This is what happens when you type in ‘blogley’ into Google:
Finding myself in the town of Beaujeu on Saturday lunchtime I headed for the Tourist Information Office to ask about the local walks.
FERMÉ JUSQU’À AVRIL
I was in a wine region in midwinter. Of course it was closed. But there were boards.
Circuit des Grandes Terres 20 km
Circuit de la Croix de Rochefort 14 km
Circuit des Coteaux du Beaujolais 11 km
Circuit de la Vallée des Andilleys 10 km
Circuit du Site du Château St Jean 7 km
A place you could bring your entire family. If they liked walks. Or wine. Personally, I fancied Le Circuit des Grandes Terres because I liked the name. But as time was tight I went for Le Circuit de la Croix de Rochefort and after two hours of steep climbing found myself 900 metres up looking at a great iron cross on a ledge: The Cross of Rochefort, surrounded by tall snow-blown firs. Slivers of super chilled ice on the woodland floor reminded me of shavings of white chocolate you find on expensive cakes. The sun catching the frozen cones high up in the canopy illuminating the forest below with an eerie glow as though wired to a mysterious energy. Continue reading
I had great plans for the weekend. A skiing trip to Sept Laux on Saturday, followed by a walk through the Chartreuse on Sunday. Snow clad France and bright sunshine.
So it was a major disappointment that I found myself spewing my guts up on Saturday morning two hours before the bus left.
‘Thanks a lot,’ I congratulated my stomach after it had finished. ‘You really know how to pick your moments.’ Continue reading
As the snows fell over the city on Tuesday morning there was only one madman trying to cycle to work through the blizzard. Everybody else was safe in their houses sipping hot chocolate from giant bowls and gazing contently at the winter wonderland scene outside. The only blemish on the icing sugar dusted Pont de L’universite was an Englishman cycling over it in a dirty orange jacket. Continue reading
I needed some new trainers. The soles of my old ones were so worn through it felt like running in slippers. As I arrived at the shopping centre on Saturday afternoon, I witnessed a human farmyard through the doors. Animals scurrying from one shop to the next laden with bags hanging on their swollen arms. The more they bought the faster they moved. The annual workout for the braindead. Terrifying. Continue reading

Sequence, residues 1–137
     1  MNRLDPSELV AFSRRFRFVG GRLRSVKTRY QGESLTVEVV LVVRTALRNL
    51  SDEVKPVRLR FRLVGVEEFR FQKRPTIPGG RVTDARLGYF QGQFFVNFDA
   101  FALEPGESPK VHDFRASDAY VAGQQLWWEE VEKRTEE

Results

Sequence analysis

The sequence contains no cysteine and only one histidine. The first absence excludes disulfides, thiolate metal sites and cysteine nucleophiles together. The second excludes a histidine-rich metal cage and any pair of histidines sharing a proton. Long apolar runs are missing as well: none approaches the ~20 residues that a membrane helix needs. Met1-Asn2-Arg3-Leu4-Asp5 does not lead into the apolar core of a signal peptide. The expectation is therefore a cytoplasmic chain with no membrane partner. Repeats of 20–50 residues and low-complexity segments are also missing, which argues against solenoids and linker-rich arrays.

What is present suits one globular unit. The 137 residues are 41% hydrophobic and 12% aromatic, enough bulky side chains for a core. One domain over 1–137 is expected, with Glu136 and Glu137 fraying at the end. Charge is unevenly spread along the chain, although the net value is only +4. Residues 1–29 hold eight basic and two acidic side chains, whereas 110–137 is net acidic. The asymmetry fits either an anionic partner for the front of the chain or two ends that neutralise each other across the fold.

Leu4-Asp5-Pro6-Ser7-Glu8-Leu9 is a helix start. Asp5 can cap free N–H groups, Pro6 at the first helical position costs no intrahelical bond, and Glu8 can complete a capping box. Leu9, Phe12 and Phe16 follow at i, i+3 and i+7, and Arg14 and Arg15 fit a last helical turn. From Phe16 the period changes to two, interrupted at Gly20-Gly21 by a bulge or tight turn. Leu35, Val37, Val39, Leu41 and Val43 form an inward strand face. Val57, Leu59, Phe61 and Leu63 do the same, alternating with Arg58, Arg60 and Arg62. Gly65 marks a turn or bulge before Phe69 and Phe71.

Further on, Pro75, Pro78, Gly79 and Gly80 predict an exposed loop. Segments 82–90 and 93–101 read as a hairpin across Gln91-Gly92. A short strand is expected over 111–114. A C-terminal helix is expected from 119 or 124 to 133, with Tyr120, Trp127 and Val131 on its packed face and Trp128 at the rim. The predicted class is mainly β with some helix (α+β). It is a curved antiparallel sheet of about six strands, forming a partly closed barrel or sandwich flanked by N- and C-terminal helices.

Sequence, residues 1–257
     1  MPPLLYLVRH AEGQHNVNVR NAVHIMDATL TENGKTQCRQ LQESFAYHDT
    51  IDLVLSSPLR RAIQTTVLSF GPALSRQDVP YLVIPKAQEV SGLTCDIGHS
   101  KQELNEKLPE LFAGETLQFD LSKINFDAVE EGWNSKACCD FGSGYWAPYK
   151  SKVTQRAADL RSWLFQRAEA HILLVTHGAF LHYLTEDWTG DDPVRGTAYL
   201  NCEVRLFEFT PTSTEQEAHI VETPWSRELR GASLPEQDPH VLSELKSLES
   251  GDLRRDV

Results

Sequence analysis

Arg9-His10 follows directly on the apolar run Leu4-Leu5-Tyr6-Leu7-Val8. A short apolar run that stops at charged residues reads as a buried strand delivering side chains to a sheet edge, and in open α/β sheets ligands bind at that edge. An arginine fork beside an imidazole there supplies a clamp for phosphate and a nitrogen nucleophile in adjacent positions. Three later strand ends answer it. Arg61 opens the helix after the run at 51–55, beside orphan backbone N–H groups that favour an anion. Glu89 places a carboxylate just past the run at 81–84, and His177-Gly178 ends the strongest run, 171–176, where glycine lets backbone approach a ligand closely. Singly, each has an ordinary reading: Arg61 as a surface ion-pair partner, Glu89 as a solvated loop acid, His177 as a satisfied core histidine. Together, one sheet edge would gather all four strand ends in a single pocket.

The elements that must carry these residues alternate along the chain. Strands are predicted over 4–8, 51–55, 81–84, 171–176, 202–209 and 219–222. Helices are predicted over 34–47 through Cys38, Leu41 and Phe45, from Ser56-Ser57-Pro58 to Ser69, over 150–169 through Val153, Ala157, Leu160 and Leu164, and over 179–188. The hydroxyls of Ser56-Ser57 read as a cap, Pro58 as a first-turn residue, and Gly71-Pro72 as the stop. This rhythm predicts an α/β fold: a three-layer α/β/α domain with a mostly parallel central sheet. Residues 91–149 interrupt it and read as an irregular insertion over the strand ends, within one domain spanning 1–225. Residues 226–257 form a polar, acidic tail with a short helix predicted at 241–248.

I once wrote a short story about a disused slate quarry in North Wales. An effortlessly dull place that our housemaster used to take us to on Sunday afternoons to relieve the boredom of school. Sadly, there was nothing much to do at Glen Ceiriog either, except throw rocks down the abandoned scree slope or quietly knock one off in the dense pine forest that screened the place from the outside world. If it was raining we simply sat in the minibus waiting to be driven back for the evening roll-call. Needless to say life’s a lot more interesting now. Except the weather, which reminds me of that gloomy slate quarry: Greyness meets greyness meets greyness was the line in my story. Continue reading
Monday morning. First day back after the holidays. Sun angling its feeble rays down onto the Opera House below. A clear day beckons in the West. The new year is seven days old. It’s good to be back. Continue reading
Absolutely nothing happened on my trip back to Lyon from Bristol. It was as smooth as you could get for a trip that involved three trains and a passport control box. It should have been filmed as an advert for the perfect trip: nobody spoke to me, nobody delayed me, nobody walked into me, nobody shouted at me, nobody eyeballed me, nobody annoyed me. Continue reading